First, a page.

Review: Winterlong @ Soho Theatre

Franco Milazzo
By Franco Milazzo Last edited 159 months ago

Last Updated 26 February 2011

Review: Winterlong @ Soho Theatre

Joint winner of the 2008 Bruntwood Award, Andrew Sheridan's Winterlong has come to Soho Theatre after its premiere in Manchester. We admire the verve of the judges who chose above others this raw black gem about growing up in a loveless world.

Sheridan's play is an uncompromising tour of a hell where the milk of human kindness comes skimmed: couples grow old together in emotionally sterile solitude or live fast and loose in sado-masochistic co-dependence while neighbourhood paedophiles and opportunistic rapists stalk the parks and streets masquerading as friendly strangers. At the centre of this maelstrom of cruelty, we explore the early life of Oscar as he grows up in the care of his grandparents.

Sheridan mercilessly goes for the throat at every occasion, challenging the audience to find a scrap of empathy for characters who are mentally or morally perpendicular to societal norms. There is strong language throughout in every sense: there is plenty of swearing (up to and including the c-word) seasoning the script but this is leavened with graphic lyrical imagery and fast and fluid dialogue.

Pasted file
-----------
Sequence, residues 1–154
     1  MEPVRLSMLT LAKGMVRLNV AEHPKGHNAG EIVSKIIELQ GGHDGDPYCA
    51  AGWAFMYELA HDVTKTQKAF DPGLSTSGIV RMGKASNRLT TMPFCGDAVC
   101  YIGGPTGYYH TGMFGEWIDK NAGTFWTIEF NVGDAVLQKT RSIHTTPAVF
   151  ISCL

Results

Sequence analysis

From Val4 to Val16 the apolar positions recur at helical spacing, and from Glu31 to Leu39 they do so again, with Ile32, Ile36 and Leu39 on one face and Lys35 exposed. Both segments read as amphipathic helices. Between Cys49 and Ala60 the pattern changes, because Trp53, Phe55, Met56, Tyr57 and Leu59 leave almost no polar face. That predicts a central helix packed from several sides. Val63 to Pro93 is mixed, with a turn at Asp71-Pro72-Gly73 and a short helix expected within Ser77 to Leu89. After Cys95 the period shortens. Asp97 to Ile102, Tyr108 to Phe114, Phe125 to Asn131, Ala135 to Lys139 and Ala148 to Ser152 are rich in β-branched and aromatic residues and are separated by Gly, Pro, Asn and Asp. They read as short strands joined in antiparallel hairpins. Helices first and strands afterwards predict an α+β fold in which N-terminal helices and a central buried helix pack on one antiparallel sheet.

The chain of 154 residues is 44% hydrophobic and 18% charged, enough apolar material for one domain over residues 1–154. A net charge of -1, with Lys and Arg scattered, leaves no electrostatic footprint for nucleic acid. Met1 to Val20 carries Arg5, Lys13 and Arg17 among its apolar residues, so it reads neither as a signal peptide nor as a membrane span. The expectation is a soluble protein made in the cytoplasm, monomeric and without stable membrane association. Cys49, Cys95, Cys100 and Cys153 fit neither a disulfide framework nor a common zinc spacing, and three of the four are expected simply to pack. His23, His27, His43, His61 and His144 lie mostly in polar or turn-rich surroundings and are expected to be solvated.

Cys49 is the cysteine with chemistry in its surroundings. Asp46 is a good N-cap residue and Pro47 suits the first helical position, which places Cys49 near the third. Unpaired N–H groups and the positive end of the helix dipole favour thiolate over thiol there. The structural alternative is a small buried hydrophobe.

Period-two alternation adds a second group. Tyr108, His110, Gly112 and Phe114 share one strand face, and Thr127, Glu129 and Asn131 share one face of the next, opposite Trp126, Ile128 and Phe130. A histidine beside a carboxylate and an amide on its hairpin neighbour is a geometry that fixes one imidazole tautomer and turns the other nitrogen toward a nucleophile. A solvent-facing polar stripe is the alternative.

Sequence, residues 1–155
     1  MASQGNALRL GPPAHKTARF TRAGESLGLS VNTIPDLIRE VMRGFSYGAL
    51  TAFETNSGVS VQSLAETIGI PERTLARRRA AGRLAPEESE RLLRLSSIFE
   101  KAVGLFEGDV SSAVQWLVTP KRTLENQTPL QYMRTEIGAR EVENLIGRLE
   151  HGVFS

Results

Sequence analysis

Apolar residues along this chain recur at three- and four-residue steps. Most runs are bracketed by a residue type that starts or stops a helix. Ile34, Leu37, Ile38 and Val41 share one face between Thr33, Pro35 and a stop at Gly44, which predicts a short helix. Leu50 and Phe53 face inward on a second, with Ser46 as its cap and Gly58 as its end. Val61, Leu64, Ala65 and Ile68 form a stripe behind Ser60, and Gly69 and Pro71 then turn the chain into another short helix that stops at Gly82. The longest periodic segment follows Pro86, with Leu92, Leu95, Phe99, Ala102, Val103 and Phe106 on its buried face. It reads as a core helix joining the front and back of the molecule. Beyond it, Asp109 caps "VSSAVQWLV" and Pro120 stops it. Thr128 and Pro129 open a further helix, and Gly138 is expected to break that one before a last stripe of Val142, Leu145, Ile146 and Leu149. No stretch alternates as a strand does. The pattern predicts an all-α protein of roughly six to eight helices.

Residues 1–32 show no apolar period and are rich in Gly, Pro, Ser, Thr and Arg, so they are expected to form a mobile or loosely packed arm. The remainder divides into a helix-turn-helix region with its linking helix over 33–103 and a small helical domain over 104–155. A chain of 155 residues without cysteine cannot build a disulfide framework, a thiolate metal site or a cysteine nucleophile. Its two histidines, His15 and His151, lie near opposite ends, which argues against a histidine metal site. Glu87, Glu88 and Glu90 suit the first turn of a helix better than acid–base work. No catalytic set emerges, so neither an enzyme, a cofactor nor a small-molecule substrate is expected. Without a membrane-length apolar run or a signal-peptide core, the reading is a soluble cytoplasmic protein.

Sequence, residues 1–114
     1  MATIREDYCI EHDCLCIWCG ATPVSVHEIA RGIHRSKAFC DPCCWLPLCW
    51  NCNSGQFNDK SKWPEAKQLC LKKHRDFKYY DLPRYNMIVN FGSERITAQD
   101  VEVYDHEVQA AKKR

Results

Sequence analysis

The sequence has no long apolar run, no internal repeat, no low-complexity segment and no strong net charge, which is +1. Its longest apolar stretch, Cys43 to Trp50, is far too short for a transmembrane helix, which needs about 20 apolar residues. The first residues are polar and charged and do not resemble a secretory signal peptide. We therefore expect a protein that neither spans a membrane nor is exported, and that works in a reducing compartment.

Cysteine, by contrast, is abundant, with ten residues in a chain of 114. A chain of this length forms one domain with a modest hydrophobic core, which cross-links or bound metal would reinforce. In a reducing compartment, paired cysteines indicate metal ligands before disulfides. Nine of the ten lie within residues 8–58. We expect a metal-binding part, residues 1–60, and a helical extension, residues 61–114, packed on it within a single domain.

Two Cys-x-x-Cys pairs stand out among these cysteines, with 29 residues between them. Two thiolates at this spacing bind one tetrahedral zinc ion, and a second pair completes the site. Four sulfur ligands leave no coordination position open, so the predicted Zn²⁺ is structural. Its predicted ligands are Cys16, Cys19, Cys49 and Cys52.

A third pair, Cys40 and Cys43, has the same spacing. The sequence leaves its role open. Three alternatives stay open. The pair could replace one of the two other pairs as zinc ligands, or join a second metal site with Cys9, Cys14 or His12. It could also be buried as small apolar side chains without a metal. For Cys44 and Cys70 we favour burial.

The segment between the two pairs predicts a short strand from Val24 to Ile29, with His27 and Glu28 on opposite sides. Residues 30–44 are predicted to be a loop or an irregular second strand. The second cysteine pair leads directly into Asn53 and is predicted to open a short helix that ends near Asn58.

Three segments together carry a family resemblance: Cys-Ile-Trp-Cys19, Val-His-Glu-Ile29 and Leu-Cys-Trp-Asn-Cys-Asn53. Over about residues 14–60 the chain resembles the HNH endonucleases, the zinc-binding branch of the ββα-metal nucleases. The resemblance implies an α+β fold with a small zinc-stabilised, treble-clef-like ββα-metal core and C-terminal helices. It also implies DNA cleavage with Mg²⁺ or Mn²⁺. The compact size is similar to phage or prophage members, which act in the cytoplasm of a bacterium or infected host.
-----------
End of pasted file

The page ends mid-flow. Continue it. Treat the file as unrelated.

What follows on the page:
Harry McEntire is totally convincing as the young child Oscar who is old beyond his years and whose direct take on his world is unerring and unnerving.   Paul Copley and Gabrielle Reidy are superb as the grandparents devoid of sentiment for each other and Oscar.

Make no mistake: this is a bleak work which will divide opinions in much the same way as Sarah Kane's Blasted and Mark Ravenhill's Shopping and Fucking. The hardcore nature of the play will no doubt appall some of the audience but there's an entire street of West End musicals metres from the Soho Theatre for those who find this slice of vicious inverse verite too much to stomach. For those theatregoers looking for something dark and spiky, this may be just the ticket.

Winterlong is at the Soho Theatre until 12 March.  Strong language throughout with occasional male nudity.   More information and tickets can be found here.


Our interview with Paul Copley.

We spoke last year to Mark Ravenhill about his plans for new operas, including one on Raoul Moat.

The 2011 Bruntwood award is looking for new plays. Roll up, roll up.